SSARG have been
number of anomalies on the geophysical survey results to try and find out
more about a building uncovered in 2013.
Excavation in 2013 of a rectangular parch mark revealed the foundations of a substantial Roman building.
The results of a gradiometer survey revealed a number of linear and irregular anomalies.
SSARG along with the Martock Local History Group are continuing to investigate this intriguing site. A series of test pits in 2014 targeted anomalies in the geophysical survey, one of which uncovered a Roman grain dryer. In 2016 we uncovered a Roman midden and collapsed building. This year we will be continuing our excavations as well as carrying on with the geophysical survey of the surrounding fields. If you are interested in taking part in the excavation please email email@example.com
2015 excavation of the Roman building at Tithe Mead.
This project was made
possible in part by a grant from the Council for British Archaeology’s Mick
Aston Archaeology Fund, which is supported by English Heritage
At the end of 2015 SSARG began testpitting at Park near Low Ham around a mysterious stone-lined hole in the ground - possibly an Iron Age well. The test pits uncovered evidence of Iron Age, Roman and post Medieval occupation.
We have also carried out a geophysical survey over the site where there are crop marks which have been identified by
the Somerset HER as a possible Neolithic cursus and mortuary enclosure. The results of the survey are below. We are currently carrying out a small excavation to try find out more information about the anomalies.
Over the past few years SSARG have been carrying out fieldwork in three adjacent fields at Misterton near Crewkerne which have yielded a large number of finds located and mapped by a local metal detectorist. We have recently completed geophysical surveys of the fields and it is hoped that we will be able to dig test pits on some of the geophysical anomalies at a later date.
Gradiometer surveys at Misterton.
The results reveal a strong, east-west linear trend across the southern fields which could suggest the site of a linear development including occupation and possible industrial activity. The north-south linear in the northern field could be a former trackway. There is also a possible enclosure in the southwest corner of the north field. Other linear anomalies could represent old field boundaries, drainage and plough marks.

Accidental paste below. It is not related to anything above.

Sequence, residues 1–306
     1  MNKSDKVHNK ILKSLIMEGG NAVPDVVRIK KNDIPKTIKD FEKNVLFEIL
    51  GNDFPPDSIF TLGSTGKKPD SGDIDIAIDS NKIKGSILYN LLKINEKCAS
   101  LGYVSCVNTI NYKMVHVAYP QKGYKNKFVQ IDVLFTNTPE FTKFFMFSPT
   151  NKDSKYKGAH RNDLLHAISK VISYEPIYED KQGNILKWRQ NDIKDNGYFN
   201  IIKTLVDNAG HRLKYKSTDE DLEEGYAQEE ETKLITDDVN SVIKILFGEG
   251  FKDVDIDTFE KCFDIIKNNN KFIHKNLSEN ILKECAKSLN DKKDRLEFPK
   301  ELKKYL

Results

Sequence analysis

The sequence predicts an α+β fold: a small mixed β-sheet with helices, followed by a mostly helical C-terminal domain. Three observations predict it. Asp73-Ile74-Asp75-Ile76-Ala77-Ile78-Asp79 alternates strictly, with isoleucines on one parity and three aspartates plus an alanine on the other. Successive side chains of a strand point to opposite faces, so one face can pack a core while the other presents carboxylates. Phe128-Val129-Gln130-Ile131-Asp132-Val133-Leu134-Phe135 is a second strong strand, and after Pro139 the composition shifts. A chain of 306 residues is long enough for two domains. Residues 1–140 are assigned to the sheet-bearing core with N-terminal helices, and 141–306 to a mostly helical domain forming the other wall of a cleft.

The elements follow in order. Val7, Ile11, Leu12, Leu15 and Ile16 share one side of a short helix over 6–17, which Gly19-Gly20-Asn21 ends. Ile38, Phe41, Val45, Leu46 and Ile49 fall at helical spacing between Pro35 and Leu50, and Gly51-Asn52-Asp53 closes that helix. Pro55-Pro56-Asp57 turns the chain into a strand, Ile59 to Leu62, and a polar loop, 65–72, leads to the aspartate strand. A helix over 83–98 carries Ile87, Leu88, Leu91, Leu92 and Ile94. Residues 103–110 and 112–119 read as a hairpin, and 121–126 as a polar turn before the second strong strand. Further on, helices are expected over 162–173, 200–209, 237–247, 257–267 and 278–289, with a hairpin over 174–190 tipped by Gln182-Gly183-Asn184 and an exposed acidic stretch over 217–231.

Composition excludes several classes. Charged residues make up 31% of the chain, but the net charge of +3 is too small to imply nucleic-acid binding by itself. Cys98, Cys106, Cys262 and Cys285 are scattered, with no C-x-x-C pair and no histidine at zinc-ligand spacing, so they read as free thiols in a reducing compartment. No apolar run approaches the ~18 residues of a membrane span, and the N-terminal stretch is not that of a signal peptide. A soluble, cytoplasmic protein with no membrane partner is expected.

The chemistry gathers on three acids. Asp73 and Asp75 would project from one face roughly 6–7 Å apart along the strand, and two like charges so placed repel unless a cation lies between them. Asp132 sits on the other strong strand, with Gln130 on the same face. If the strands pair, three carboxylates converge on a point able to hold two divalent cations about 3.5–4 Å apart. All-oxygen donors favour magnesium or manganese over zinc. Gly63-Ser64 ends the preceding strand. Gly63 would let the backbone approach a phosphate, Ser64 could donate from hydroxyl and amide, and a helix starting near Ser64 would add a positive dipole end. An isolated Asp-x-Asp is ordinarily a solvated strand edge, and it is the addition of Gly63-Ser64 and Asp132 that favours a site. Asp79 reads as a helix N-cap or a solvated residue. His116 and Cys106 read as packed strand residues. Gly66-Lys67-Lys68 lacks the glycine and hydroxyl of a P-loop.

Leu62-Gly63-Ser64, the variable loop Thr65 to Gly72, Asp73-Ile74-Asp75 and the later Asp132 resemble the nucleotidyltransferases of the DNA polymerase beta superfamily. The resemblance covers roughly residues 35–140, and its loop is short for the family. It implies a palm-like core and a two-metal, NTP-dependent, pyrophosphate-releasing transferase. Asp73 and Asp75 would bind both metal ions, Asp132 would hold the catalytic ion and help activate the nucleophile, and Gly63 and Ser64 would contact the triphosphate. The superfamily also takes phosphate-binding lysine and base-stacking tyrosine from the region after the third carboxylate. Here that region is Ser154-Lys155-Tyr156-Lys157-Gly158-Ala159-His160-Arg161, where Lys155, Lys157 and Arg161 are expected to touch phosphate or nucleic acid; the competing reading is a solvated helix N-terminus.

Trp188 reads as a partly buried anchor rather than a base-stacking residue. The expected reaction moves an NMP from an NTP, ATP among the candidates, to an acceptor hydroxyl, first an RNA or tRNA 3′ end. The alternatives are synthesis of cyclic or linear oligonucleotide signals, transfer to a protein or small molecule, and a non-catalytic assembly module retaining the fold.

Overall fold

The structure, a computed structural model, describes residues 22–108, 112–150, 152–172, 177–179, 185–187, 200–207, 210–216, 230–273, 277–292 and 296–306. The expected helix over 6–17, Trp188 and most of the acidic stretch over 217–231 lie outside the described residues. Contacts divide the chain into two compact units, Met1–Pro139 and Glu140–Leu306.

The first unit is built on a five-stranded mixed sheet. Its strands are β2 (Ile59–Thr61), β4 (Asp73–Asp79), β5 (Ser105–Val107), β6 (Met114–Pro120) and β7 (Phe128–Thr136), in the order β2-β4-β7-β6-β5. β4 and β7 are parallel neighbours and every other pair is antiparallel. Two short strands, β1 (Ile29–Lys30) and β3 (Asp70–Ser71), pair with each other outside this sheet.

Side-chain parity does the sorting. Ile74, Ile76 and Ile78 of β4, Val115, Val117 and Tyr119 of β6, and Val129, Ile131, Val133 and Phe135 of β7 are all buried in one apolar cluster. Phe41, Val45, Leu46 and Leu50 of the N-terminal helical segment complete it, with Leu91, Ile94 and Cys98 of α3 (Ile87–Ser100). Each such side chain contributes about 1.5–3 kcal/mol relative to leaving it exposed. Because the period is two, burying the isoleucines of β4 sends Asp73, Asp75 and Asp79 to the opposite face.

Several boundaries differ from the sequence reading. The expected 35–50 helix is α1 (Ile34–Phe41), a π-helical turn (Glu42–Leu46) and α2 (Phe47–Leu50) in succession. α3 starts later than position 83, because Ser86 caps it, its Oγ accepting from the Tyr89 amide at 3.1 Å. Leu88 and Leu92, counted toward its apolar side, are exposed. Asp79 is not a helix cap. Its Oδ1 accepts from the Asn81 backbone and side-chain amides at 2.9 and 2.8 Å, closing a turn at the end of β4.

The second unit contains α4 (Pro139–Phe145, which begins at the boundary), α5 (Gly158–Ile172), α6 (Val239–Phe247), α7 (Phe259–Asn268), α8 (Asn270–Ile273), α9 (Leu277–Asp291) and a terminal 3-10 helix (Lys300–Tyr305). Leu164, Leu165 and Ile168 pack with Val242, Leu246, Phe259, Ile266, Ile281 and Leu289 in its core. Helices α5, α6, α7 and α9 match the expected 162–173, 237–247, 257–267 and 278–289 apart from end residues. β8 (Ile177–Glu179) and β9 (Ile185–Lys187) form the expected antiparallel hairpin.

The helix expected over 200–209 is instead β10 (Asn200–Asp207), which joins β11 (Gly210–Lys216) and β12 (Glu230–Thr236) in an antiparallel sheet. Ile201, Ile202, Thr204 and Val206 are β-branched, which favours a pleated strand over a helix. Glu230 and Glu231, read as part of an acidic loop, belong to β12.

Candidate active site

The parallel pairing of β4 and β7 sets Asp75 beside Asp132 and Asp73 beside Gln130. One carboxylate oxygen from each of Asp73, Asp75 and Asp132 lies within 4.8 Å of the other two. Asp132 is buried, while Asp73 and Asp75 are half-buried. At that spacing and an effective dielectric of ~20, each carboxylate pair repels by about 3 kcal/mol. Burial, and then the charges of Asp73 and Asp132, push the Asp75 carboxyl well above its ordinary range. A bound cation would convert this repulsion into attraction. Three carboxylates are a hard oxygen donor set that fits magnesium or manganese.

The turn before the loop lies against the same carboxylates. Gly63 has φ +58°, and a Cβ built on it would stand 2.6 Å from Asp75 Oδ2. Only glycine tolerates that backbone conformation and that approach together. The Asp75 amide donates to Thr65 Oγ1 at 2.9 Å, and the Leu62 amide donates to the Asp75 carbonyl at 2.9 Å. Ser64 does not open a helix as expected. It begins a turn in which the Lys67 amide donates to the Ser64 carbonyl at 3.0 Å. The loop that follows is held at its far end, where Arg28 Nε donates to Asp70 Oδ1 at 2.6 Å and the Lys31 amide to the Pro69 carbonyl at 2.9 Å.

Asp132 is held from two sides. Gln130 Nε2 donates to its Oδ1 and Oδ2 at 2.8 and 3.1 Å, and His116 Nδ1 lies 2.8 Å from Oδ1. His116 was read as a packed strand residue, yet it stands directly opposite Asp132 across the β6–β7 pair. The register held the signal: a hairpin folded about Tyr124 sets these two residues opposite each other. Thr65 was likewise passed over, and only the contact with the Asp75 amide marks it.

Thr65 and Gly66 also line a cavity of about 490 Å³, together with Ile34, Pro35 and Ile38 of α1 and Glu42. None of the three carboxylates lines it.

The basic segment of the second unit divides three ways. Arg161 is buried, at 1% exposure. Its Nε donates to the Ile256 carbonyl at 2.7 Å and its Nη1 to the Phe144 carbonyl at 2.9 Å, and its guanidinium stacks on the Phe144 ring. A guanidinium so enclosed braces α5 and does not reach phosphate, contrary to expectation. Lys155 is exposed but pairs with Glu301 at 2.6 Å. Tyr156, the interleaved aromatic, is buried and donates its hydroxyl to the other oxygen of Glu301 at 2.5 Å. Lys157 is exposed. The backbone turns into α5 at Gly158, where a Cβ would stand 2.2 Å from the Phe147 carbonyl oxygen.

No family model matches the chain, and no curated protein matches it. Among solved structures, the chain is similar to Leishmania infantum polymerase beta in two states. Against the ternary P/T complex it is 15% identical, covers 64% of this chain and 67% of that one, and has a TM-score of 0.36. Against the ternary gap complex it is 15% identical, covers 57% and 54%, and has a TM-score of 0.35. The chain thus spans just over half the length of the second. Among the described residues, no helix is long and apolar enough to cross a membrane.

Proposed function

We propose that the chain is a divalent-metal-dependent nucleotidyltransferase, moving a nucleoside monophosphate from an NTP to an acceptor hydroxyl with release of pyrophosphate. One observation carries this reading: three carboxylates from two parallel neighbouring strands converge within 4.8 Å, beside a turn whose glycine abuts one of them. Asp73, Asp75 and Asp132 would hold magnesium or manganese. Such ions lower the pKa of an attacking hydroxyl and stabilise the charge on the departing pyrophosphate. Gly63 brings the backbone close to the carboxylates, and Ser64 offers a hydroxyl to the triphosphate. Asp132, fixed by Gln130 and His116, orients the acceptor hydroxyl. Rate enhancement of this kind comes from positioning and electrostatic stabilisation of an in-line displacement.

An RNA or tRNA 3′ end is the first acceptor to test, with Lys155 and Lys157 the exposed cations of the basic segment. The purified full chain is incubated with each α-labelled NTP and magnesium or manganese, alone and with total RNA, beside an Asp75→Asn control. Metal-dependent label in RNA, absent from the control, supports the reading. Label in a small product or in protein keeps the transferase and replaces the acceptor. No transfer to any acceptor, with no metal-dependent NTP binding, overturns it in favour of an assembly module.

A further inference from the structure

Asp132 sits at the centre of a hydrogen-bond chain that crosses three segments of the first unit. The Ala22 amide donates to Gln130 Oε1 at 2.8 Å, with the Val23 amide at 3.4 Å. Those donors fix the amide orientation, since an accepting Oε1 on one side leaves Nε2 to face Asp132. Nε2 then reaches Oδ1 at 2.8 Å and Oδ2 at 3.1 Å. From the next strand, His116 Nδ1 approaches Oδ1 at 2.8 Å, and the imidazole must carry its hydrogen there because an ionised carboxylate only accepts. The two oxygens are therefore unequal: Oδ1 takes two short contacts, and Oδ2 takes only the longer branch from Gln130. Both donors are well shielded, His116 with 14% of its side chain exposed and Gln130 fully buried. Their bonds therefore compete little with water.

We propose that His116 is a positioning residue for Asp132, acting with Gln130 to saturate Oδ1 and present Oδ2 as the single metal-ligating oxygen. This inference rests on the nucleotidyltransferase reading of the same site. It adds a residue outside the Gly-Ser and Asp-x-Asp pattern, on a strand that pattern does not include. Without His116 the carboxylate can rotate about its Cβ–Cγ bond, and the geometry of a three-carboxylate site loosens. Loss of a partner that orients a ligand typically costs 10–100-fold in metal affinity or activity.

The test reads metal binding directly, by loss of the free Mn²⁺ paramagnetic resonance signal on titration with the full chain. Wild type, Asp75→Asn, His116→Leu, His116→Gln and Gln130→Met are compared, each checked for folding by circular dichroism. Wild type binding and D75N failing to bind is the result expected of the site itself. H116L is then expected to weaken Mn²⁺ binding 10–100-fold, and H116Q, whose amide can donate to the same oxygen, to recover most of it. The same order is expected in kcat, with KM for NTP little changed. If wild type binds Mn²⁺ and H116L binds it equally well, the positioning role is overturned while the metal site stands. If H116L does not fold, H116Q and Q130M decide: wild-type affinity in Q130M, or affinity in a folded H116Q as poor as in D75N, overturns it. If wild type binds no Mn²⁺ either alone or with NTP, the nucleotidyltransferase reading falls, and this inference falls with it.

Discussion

A recent test pit targeted on the possible enclosure in the southwest corner of the north field uncovered a ditch containing Middle Bronze Age pottery and some flints.
Between 2009 and 2011 SSARG carried out a series of
geophysical surveys covering the site of Lufton Villa near Yeovil plus
the fields to the south. The survey area was expanded in 2013 by
SSARG's commercial unit, GeoFlo Southwest Geophysical and Flotation
Services, who surveyed two further fields to the west.
and 2013 Newcastle University, in conjunction with SSARG, carried out
excavations based on the geophysical survey results under the direction
of Dr James Gerrard. In Summer 2014 excavations continued a little
further afield, investigating the site of a Deserted Medieval Village to
the southwest of the villa site. In 2015 a trench in the field south of the villa uncovered a series of Roman ditches. In 2016 Newcastle University re-excavated the site of the actual Villa to discover its state of preservation and confirm discoveries made during the original excavation in the late 1950s.
A link to the Newcastle University
Lufton Blog is available on the Contact Us page.
Combined gradiometer surveys of Lufton Villa site and surrounding area. Map data copyright 2014 Google
In the above gradiometer surveys, Lufton Villa is
situated in the most northern field to the left of the central ditch
that divides the field in two. Although the field in which the villa
itself is situated is relatively sparse of anomalies, the fields to the
south reveal complex multi phase activity. Some of these anomalies are
probably contemporary with the villa, but it would seem that this part
of the landscape has seen various phases of occupation over a long
period of time.
Excavations by SSARG and Newcastle University have discovered evidence of Roman, Iron Age and Bronze Age occupation.
Trench B in 2013 uncovered an Iron Age ditch which
could be associated with the major settlement area on the geophysics.
The narrow criss-crossing ditches in this trench are land drainage.
Trench C in 2013 uncovered a series of parallel
ditches, including the Iron Age ditch which was also evident in Trench
B. Another major ditch in this trench was Roman and contained black
burnished ware and this lovely broach pin.
Photos from Newcastle University's Lufton Blog with the kind permission of Dr James Gerrard